"Girls be quiet! If Mommy doesn't do well at work tomorrow she'll get fired. We'll lose our house, our toys, EVERYTHING." After a moment of silence I decided I was projecting a little too much tension on my babies and it was time for a break. He still had easy three point logic, but no five year old should know what "fired" means.

Before the twins entered kindergarten I spent six months worrying about the decision to put them in separate classes. I asked teachers for opinions, parents of twins and of course googled it. They needed to develop their own interests and personalities, make their own friends. I stared at the ceiling at night imagining a first week of sobbing separation anxiety. The first day of school came and the girls rode off on the bus like princesses to the royal ball. When the terrible twosome arrived at school they went to their separate classrooms without a second thought and have never looked back. I nearly bled out from a gastric ulcer for nothing.

So what can we learn from the innocence of children? Don't make everything so complicated. In the grand scheme is this decision going to matter? If it's going to make you a better person, a happier person and a stronger member of your family, then it's a good choice and you can move on. As long as you don't have to wear orange.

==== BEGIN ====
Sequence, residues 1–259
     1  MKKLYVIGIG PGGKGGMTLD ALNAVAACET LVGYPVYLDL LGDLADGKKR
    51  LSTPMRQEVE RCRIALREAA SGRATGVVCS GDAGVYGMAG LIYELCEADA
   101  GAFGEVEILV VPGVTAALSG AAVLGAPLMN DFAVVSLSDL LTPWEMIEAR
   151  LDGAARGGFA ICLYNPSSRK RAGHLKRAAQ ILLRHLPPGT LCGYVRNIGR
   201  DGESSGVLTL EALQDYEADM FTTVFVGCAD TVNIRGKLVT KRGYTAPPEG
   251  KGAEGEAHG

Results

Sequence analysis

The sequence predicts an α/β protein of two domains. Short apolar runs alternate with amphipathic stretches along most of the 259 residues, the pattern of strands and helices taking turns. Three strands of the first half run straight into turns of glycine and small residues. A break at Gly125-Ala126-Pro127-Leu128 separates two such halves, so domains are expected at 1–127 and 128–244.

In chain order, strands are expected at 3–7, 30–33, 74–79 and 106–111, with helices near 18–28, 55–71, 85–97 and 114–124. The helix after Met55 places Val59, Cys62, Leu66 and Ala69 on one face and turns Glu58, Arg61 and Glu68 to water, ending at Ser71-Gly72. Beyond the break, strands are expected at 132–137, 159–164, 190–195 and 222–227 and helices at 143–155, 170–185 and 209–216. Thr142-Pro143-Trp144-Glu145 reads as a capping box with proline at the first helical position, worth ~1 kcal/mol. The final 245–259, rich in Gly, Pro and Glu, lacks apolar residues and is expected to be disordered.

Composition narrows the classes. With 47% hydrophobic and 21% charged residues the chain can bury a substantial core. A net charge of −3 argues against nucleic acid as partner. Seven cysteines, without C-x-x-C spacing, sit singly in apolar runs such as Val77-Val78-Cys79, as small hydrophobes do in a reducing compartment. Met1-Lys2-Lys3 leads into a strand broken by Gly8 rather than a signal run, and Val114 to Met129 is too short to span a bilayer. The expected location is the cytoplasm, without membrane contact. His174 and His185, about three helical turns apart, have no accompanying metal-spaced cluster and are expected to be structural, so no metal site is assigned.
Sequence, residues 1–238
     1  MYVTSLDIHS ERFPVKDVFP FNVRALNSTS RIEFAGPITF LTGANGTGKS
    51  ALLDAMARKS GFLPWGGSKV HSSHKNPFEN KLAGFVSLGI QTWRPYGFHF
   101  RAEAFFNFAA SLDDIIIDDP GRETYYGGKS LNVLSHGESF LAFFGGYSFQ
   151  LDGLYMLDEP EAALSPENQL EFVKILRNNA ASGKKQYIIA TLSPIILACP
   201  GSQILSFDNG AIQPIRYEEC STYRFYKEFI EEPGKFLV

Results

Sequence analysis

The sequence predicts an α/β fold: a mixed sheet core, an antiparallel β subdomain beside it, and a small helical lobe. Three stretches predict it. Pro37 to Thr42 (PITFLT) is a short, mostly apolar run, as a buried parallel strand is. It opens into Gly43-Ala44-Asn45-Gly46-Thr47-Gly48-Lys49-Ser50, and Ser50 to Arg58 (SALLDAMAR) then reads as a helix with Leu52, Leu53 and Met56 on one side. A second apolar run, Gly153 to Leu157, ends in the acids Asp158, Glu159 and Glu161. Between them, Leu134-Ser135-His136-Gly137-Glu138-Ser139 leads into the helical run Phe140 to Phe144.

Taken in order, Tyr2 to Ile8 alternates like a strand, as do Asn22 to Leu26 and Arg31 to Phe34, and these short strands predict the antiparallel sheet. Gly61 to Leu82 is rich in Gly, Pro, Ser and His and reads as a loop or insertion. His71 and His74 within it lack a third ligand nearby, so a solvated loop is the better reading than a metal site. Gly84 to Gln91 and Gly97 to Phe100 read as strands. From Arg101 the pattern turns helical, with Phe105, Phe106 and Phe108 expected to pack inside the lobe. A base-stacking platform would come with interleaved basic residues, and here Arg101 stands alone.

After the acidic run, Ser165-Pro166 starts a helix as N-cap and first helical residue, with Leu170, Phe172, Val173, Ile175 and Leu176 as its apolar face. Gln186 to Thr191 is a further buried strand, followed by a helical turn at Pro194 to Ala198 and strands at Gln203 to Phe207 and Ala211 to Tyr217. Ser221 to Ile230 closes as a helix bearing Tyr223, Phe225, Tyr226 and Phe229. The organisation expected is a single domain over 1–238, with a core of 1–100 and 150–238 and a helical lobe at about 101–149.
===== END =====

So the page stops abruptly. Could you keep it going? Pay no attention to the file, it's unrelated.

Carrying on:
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Saturday, January 21, 2012

Impatiently Waiting

I am a professional waiter. Not a food server in your favorite dining establishment, but a sitting, gathering dust lingerer. It's my job as a pharmaceutical representative to wait for a doctor until they have a free moment to sign for samples and speak to me about drug information. We all know how busy health care providers are these days, the wait time can make your trip in from the parking lot fell about as recent as the dinosaurs reign.

Not that we don't all have our turns at waiting. In their lifetime the average American spends eight hours waiting for red lights, two years on hold and two to three years waiting in line, much more if they go to Disney World. As a professional I am pleasant and serene as I pass the time chatting with anyone who walks by or browsing magazines. Heck, I'm downright chipper. On the outside. All this practice should make me terrific at biding my time, but it seems to making me worse.

My husband points out that I should take it in stride, after all I'm getting paid regardless, right? Has he seen my to do list? I need to make the most of my day. When I come out of an office it feels like a slow motion scene in a movie suddenly going to live action. Let's move people, it's go time, work to do, errands to run and kids to raise. I don't even have the patience to go inside a store for a drink, it's drive-thru all the way. Heaven forbid there be a slow car in the left hand lane of the interstate that a little gentle persuasion can't convince to move over. Video clips that can't download instantly on my phone are skipped. DVR is a beautiful thing, I can watch a week's worth of shows in two hours.

Some might say I'm a classic example of a driven technology focused Gen X who wants everything right now. I would argue that I've spent too much time waiting and it's made me more than a little unbalanced. Not to mention that the quality of the waiting has not always been the most pleasant.